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Clip of Meadows saying send Obama back to 'Kenya or wherever' resurfaces after clash with Tlaib

A heated exchange between Rep. Mark MeadowsMark MeadowsMark Meadows joins Conservative Partnership Institute Ex-Trump chief of staff dismisses role of rally in Capitol riot Trump ex-chief says Senate vote signals impeachment effort 'dead on arrival' MORE (R-N.C.) and Rep. Rashida TlaibRashida Harbi TlaibOver 40 lawmakers sign letter urging Merrick Garland to prioritize abolishing death penalty Biden and the new Congress must protect Americans from utility shutoffs Overnight Energy: EPA rule exempts many polluting industries from future air regulations | Ex-Michigan governor to be charged over Flint water crisis: report | Officials ousted from White House after papers casting doubt on climate science MORE (D-Mich.) prompted Twitter users on Wednesday to resurface comments Meadows made in 2012 about sending former President Obama "home to Kenya or wherever it is."

Steve Morris of the left-leaning media watchdog Media Matters for America posted a video to Twitter on Wednesday that showed then-candidate Meadows pledging that 2012 "is the time we are going to send Mr. Obama home to Kenya or wherever it is." 

Meadows was elected to the House that year, while Obama won a second term in the White House. Meadows's office did not immediately respond to a request for comment from The Hill on Wednesday night.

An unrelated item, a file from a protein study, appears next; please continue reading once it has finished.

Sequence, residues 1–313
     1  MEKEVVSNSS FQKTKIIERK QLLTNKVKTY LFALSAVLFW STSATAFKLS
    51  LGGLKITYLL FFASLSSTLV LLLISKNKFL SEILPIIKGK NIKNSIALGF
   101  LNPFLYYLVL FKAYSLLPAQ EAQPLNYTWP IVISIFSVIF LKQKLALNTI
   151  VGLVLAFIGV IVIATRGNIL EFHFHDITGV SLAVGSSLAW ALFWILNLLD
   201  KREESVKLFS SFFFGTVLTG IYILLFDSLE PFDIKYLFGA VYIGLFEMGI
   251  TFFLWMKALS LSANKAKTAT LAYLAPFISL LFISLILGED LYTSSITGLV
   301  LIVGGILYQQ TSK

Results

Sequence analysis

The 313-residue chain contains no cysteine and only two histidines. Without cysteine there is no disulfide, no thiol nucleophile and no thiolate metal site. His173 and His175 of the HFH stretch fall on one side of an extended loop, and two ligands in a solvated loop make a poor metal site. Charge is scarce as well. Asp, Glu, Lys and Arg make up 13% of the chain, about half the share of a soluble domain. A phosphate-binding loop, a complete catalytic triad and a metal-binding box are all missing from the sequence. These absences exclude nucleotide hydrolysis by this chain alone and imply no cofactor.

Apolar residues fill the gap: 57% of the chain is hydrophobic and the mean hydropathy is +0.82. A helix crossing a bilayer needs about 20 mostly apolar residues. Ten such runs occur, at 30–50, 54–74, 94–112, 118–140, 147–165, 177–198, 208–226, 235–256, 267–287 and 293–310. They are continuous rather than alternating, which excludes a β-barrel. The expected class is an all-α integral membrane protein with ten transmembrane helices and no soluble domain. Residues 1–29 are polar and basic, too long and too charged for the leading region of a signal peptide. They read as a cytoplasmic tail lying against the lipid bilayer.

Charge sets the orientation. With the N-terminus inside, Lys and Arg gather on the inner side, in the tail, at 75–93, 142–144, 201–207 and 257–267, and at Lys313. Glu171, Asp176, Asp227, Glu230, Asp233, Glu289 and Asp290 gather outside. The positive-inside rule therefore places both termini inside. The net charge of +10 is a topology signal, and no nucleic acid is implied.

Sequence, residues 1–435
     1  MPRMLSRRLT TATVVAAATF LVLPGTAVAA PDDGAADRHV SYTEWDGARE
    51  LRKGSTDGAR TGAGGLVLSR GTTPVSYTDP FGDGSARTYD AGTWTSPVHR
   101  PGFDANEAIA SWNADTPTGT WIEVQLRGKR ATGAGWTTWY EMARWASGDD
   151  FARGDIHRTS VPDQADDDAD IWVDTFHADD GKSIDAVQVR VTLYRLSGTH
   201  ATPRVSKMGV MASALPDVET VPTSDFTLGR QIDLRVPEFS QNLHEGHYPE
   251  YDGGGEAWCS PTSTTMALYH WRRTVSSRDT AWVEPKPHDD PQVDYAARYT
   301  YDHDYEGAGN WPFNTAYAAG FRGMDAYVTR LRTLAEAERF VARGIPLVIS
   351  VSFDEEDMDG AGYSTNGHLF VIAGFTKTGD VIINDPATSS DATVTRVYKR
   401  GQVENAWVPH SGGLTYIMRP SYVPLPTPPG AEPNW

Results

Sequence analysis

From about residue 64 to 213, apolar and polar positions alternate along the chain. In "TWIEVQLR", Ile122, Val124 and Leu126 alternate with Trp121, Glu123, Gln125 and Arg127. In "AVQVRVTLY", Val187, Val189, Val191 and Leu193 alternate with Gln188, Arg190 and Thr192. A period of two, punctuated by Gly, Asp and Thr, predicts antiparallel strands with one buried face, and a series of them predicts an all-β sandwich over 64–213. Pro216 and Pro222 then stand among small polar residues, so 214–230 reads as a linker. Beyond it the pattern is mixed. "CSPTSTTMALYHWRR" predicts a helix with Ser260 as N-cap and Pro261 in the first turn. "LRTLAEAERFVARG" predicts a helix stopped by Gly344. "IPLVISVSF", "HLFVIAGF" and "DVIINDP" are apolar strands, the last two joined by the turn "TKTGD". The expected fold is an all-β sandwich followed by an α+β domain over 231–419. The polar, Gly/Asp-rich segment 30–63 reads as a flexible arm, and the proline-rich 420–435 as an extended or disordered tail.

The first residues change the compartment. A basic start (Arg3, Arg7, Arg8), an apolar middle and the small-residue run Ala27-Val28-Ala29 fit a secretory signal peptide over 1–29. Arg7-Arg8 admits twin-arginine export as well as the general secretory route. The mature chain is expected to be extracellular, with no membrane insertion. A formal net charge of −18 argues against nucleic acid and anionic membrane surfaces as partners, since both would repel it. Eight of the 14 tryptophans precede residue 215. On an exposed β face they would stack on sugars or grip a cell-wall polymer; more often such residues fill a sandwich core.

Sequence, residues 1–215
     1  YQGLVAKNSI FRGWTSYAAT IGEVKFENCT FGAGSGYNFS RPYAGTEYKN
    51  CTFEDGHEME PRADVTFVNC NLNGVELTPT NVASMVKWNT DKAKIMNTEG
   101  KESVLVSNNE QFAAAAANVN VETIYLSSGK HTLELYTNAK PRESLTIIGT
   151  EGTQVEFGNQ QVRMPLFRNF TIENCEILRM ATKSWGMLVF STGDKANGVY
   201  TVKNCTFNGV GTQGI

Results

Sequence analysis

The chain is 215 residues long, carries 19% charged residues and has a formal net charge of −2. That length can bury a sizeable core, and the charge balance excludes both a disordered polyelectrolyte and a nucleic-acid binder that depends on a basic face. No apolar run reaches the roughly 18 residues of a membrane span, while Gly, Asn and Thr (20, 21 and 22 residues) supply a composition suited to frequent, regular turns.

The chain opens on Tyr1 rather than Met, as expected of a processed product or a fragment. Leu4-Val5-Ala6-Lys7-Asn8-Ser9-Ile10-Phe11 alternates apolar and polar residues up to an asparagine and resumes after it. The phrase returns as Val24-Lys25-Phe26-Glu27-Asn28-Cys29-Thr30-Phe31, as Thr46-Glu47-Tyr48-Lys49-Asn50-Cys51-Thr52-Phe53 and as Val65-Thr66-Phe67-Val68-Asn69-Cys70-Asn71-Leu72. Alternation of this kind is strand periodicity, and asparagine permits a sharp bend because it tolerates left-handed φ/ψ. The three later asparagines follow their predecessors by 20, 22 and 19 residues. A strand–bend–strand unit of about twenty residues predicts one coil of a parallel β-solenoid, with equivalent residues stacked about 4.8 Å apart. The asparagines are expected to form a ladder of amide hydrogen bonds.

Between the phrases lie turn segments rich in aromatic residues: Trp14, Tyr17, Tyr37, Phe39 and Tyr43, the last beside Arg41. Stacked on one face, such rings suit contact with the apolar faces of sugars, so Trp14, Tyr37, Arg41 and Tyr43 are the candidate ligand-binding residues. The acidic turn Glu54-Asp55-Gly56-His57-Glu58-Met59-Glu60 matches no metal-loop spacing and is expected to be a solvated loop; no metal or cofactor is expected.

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The clip was retweeted by several high-profile Democratic supporters, including actress Sarah Silverman, filmmaker Michael Moore and Black Lives Matter activist Deray McKesson. 

The video was posted after Meadows clashed with Tlaib on Wednesday during Michael Cohen's congressional hearing before the House Oversight and Reform Committee.

Tlaib condemned Meadows's use of a statement by a single black woman working in the Trump administration to disprove allegations of racism against President TrumpDonald TrumpFBI says California extremist may have targeted Newsom House Democrat touts resolution to expel Marjorie Taylor Greene from Congress Facebook to dial back political content on platform MORE as a "racist act."

"Just because someone has a person of color, a black person working for them does not mean that they aren't racist," Tlaib said during Wednesday's hearing.

"And it is insensitive ... the fact that someone would actually use a prop, a black woman in this chamber, in this committee, is alone racist in itself," she continued.

Meadows fired back at Tlaib, asking her remarks to be stricken from the congressional record.

"There’s nothing more personal to me than my relationship … my nieces and nephews are people of color, not many people know that," Meadows said.

Tlaib then clarified her remarks at the request of Rep. Elijah CummingsElijah Eugene CummingsHouse Democrats reintroduce bill to reduce lobbyist influence Trump voters and progressives have a lot in common — and Biden can unite them We must act on lowering cost of prescription drugs MORE (D-Md.), the committee's chairman.

“As everybody knows in this chamber, I’m pretty direct. If I wanted to say that I would have,” the Michigan congresswoman said. “But that’s not what I said.”